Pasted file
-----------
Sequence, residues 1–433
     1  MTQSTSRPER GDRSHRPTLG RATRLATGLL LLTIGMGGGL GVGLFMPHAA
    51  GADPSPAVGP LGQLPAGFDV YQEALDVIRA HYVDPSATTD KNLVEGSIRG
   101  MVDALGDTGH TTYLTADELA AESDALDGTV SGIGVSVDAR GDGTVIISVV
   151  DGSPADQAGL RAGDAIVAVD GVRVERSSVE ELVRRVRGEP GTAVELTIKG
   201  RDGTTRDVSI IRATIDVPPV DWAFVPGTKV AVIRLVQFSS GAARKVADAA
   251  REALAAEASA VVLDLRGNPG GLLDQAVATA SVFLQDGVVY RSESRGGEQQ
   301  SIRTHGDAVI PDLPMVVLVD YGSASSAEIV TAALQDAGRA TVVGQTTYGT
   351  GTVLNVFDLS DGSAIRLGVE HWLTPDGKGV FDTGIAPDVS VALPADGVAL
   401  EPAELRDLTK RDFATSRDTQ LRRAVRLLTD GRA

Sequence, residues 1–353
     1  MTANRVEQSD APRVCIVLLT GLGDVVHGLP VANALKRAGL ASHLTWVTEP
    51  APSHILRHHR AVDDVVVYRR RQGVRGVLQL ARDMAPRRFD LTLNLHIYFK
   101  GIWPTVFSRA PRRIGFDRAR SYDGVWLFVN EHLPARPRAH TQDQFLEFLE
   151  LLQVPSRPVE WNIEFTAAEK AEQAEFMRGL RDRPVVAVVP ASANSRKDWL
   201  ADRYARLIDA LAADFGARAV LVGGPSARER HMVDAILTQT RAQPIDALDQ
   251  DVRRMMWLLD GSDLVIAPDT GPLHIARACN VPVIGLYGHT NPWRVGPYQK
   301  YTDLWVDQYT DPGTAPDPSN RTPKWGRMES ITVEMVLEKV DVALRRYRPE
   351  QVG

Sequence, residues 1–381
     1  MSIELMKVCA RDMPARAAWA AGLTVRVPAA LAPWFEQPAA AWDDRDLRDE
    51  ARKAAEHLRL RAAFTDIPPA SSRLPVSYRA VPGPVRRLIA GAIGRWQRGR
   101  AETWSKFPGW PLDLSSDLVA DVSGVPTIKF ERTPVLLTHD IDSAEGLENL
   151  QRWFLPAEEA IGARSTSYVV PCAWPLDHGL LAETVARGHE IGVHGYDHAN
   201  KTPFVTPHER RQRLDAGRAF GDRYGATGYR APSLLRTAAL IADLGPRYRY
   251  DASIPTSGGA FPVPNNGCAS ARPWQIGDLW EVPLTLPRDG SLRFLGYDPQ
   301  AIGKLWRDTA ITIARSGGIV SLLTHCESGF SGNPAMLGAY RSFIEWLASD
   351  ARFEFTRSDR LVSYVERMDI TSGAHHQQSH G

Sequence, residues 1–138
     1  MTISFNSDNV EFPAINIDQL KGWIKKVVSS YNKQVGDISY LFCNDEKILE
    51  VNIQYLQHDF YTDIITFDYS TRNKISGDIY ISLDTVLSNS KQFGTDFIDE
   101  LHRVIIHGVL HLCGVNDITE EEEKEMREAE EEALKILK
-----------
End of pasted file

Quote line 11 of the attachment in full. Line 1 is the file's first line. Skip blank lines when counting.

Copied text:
Sequence, residues 1–353